Newsletter 255 - Communication on Health Preparedness

Health-EU newsletter 255 - Focus

EU strengthens measures for short-term health preparedness for future outbreaks of COVID-19

John F. Ryan, Director of Public Health, Country Knowledge and Crisis Management for the European Commission’s Directorate General for Health and Food Safety, says that the European Commission is taking measures to ensure the short-term health preparedness for future outbreaks of COVID-19 in the EU. This week, the Commission issued a Communication to the European Parliament, the Council, the European Economic and Social Committee and the European Committee of the Regions outlining these measures. The conclusions of this Communication can be found here below.

The EU must ensure that it is ready for possible resurgences of COVID-19 cases. This requires short-term and strongly coordinated action to strengthen key areas of preparedness and response. Early detection of cases and a rapid response to prevent further spread, combined with specific measures to protect the most vulnerable in our societies, are currently our best shot to avoid having to reinstate large-scale restrictions such as lockdowns. Building on the ongoing work in the Member States, the Commission and EU Agencies, this Communication has set out the necessary actions to be taken.

These efforts should be underpinned by robust evidence and extensive public communication efforts. Preventing a resurgence of cases largely depends on individual behaviours and adherence to public health recommendations. Sustained vigilance by all is key to ensure that a core set of basic individual precautions remains in place at all times. This, in turn, relies on the public’s acceptance and understanding of the well-founded nature and importance of these measures. Monitoring the degree of social acceptance and addressing early societal concerns will be a key determinant of future developments. These communication efforts also entail a systematic and immediate response to disinformation about the coronavirus pandemic, whilst further efforts should also be made to enhance the cyber resilience of key health infrastructure. In case a Member State would reintroduce emergency measures, these should be designed in a measured and limited way so that they do not obstruct the rule of law and parliamentary democracy.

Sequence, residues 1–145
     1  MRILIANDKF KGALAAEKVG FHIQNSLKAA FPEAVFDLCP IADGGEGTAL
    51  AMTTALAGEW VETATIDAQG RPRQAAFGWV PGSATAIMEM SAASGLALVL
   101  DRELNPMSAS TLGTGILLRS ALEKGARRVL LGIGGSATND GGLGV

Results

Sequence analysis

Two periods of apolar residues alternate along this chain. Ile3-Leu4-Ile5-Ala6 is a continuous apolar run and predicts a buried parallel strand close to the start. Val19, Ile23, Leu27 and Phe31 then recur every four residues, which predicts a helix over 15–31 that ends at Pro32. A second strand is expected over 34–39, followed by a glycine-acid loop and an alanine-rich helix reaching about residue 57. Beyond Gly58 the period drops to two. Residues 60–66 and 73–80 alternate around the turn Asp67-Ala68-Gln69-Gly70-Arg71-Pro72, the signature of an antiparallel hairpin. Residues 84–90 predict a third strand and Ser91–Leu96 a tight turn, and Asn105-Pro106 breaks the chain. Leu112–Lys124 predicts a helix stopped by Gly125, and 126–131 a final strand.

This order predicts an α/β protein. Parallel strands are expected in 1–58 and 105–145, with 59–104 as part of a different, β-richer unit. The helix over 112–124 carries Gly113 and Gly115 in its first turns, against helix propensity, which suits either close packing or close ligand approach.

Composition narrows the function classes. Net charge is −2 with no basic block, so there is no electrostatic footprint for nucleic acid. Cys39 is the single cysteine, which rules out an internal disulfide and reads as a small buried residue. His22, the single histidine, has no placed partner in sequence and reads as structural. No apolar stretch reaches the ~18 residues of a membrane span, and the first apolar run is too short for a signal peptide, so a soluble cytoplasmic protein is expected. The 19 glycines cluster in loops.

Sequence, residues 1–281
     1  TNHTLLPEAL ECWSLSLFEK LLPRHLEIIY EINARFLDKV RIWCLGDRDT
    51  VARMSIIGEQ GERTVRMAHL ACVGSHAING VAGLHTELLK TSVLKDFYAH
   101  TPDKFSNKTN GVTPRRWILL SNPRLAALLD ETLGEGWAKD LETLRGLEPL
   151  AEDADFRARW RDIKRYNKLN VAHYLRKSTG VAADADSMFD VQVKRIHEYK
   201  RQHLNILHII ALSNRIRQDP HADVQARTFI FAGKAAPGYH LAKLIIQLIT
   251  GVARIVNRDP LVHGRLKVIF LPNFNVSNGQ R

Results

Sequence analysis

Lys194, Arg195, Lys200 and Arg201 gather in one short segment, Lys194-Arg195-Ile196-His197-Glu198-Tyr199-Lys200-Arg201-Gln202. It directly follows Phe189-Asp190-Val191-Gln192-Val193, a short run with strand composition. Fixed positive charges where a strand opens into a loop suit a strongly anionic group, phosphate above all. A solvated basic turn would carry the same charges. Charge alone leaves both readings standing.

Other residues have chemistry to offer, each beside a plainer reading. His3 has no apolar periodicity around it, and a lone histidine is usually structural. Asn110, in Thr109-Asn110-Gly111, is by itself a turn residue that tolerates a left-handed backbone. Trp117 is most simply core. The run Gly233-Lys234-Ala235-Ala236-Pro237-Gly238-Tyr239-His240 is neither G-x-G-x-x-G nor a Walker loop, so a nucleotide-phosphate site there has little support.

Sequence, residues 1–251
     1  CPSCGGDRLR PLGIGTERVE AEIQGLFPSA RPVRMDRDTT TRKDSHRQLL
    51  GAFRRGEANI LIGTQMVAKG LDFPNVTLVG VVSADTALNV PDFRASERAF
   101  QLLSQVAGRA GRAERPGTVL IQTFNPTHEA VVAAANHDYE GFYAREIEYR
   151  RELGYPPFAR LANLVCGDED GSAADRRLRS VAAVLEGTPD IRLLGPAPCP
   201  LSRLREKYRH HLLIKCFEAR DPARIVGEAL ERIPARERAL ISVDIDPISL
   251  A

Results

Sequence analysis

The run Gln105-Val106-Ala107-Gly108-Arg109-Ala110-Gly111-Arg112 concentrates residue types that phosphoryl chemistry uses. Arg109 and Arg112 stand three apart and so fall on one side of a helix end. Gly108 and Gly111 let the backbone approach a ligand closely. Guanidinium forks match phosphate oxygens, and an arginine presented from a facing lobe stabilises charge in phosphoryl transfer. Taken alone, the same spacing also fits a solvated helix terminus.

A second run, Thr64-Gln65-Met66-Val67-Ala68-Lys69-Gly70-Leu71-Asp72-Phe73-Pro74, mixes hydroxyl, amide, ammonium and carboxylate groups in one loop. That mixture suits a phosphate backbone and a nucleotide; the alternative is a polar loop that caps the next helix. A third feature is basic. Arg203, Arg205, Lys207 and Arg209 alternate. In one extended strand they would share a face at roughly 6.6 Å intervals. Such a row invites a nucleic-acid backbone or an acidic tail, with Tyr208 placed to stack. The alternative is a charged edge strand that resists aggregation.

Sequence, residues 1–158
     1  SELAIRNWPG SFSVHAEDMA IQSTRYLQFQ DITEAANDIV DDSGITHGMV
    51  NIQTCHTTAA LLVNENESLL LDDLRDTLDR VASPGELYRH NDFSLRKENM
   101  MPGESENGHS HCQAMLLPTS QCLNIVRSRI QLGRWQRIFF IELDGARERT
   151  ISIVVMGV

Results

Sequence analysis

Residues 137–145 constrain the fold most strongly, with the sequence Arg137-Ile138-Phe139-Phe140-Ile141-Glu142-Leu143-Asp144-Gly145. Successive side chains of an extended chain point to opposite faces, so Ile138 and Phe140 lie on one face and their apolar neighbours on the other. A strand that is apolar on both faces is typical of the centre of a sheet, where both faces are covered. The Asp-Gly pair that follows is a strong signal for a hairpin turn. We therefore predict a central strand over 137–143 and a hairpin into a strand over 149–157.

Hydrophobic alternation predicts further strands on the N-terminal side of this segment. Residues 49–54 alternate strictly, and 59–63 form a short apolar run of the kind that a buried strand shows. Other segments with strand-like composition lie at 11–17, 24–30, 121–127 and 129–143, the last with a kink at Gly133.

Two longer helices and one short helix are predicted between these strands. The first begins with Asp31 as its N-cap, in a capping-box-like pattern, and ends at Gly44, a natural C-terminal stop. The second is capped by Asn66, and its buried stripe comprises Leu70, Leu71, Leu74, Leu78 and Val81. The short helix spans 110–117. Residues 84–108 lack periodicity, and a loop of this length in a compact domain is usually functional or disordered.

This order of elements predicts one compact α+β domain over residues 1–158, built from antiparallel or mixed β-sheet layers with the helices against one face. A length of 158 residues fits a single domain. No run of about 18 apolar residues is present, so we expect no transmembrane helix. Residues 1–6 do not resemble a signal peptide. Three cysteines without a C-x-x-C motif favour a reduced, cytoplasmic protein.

The virus does not stop at EU borders and this is why the EU and its Member States provide over EUR 36 billion with emergency aid, humanitarian aid bridges and longer-term support to third countries in need. It has also set up an EU Humanitarian Air Bridge to maintain vital transport links for humanitarian and emergency health workers and supplies.

Efforts should thus continue in coordination with other global actors, including the UN and WHO, to ensure the required international response to this global health threat, including equitable access to a COVID-19 vaccine. This should go hand in hand with efforts to address the socio-economic impacts of this crisis, which threaten to unravel progress made in achieving the SDGs as well as investment in the resilience of partner countries, notably through health-system strengthening, hence underpinning the global recovery. This is the only way to bring an end to the current pandemic crisis in the EU and globally.

More than any other year, attention must be given to reducing the impact of seasonal influenza for 2020/2021 and activities must be put into place now to mitigate this scenario. The combined effects of simultaneous outbreaks of COVID-19 colliding with a heavy influenza season could stretch even further the limits of our healthcare systems.

The European Commission will continue working side by side with Member States in the fight against COVID-19. Together, we will continue funding research for predicting the spread and resurgence and to support the development of necessary medical countermeasures. We will also promote the identification and dissemination of local good practices. Through an ambitious recovery plan supported by a revamped long-term budget 2021-27 and the Next Generation EU instrument, Europe will also invest to secure its recovery and resilience against possible future Covid-19 outbreaks, support structural changes across healthcare systems and reinforce the Union’s crisis management systems and capacities. Europe will thoroughly draw the lessons from the COVID-19 crisis to ensure it comes out stronger, more united and better equipped to face future crises.